The public should be guided by the messages of the U.S. Surgeon General, the Food and Drug Administration (FDA) and other public health authorities worldwide in making decisions concerning the use of tobacco products.

Our tobacco companies' efforts to communicate about health risks begin with ongoing compliance with federal laws and regulations requiring health warnings on tobacco products.

Congressionally-mandated health warnings have been on cigarette packs since 1966 and cigarette brand advertising since 1972. Similar warning requirements have been in place since 1986 for smokeless tobacco products and since 2000 for the cigars John Middleton sells. Our tobacco companies provide reports, such as ingredient disclosures and information about harmful or potentially harmful constituents in tobacco products to various federal and state agencies, including the FDA.

For more information about product ingredients and how our tobacco companies communicate about the health effects of their products, visit PM USA's, USSTC's and John Middleton's corporate websites.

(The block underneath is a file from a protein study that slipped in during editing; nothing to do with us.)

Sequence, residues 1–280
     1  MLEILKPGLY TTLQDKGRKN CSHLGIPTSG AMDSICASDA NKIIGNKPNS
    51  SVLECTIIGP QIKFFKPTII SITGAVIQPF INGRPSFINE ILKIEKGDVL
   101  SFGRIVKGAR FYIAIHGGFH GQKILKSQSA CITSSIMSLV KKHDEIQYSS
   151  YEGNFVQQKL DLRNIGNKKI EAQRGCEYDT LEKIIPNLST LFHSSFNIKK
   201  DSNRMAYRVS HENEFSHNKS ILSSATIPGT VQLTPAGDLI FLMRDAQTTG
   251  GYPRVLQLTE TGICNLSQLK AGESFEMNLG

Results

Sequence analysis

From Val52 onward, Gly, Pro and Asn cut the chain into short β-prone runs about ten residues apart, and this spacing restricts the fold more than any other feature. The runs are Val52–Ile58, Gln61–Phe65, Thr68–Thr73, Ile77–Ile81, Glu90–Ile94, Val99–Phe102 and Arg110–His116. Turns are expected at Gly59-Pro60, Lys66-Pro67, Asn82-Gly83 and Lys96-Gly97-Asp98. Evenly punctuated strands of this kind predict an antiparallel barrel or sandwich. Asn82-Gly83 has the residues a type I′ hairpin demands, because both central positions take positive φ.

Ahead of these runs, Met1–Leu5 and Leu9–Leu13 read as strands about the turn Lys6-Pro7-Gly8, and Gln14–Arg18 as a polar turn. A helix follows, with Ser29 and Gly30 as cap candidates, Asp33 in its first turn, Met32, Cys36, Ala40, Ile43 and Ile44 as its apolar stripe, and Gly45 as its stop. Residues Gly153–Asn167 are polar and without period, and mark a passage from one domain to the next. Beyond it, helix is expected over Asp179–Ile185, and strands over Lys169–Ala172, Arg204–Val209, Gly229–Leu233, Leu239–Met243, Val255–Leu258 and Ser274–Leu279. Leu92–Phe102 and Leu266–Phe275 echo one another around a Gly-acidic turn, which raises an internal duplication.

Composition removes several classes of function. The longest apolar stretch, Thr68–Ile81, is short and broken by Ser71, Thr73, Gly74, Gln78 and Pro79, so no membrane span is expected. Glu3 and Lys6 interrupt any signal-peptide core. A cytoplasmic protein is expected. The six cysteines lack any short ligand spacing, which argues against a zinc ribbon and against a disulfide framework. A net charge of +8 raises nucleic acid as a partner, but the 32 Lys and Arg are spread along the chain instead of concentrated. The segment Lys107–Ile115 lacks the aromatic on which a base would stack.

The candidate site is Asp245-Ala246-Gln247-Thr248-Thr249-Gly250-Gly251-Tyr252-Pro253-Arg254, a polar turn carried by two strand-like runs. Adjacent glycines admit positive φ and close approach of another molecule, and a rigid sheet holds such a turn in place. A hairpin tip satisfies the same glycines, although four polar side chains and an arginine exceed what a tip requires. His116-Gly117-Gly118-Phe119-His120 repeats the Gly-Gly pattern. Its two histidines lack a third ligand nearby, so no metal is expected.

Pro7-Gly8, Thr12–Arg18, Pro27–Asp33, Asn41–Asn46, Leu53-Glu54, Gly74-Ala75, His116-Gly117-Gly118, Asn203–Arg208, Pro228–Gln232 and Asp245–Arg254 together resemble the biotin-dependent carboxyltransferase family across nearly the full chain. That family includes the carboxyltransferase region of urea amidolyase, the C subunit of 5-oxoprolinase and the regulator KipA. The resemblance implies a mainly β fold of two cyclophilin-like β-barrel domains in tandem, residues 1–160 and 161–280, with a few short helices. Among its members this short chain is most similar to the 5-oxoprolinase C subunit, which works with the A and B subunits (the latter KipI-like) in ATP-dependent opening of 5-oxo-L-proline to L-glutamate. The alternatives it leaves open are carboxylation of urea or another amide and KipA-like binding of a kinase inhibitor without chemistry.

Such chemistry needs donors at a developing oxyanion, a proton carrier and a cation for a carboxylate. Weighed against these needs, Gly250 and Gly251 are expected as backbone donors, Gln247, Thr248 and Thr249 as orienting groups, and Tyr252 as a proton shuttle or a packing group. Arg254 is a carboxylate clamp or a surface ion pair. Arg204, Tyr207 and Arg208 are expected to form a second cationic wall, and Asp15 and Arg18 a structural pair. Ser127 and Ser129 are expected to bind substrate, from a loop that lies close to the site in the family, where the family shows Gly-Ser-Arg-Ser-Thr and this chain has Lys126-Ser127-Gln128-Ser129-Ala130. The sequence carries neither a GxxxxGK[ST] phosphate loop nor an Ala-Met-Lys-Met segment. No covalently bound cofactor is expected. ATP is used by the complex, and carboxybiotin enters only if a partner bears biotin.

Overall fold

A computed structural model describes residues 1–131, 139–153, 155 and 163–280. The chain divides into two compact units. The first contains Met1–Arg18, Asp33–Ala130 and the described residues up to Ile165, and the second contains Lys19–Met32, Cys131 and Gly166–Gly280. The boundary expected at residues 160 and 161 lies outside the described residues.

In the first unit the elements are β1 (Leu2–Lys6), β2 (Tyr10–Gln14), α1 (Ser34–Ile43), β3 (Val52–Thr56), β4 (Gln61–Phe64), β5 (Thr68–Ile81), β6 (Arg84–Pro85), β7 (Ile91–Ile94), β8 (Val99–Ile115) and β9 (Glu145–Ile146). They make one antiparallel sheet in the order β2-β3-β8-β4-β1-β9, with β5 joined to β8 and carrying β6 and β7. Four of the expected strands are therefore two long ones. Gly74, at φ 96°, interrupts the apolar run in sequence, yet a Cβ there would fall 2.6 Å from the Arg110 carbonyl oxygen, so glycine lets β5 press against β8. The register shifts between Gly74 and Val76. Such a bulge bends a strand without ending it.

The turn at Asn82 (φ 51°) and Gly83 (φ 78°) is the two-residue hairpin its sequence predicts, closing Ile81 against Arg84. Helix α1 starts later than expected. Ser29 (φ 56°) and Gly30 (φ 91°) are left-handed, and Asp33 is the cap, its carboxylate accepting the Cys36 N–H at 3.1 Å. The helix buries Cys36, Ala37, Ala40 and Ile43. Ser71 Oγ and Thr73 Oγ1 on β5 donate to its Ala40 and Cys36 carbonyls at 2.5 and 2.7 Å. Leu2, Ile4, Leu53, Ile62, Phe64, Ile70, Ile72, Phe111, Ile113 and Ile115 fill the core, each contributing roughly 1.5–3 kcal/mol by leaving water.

Seeking Authorization to Communicate Reduced Harm Information

We can only compete in the marketplace with products authorized by the FDA. And we can only communicate reduced harm information if the FDA permits.

That's why we are seeking authorization from the FDA to put truthful, accurate information about reduced-risk products in the hands of consumers so that they can make a choice that's right for them. To date, we have:

 

  • Supported Philip Morris International (PMI) on its Modified Risk Tobacco Product application (MRTPA) application for IQOS tobacco heating system. Philip Morris USA has an exclusive agreement with PMI to commercialize IQOS in the United States. On July 7, 2020, FDA authorized the marketing of the IQOS as a modified risk tobacco product with a reduced exposure claim.
  • Submitted MRTPA for Copenhagen Snuff.

 

We believe it is critically important that the FDA take steps to foster the innovation of potentially reduced risk products. For tobacco harm reduction to be successful, a marketplace of FDA-authorized reduced-risk products must be in place, with more information about the relative risks of those products being communicated to adult smokers. The regulatory system should respect the rights of adults to make decisions based on accurate information. To make this a reality, the FDA needs to establish clear foundational rules for bringing these new innovative products to market.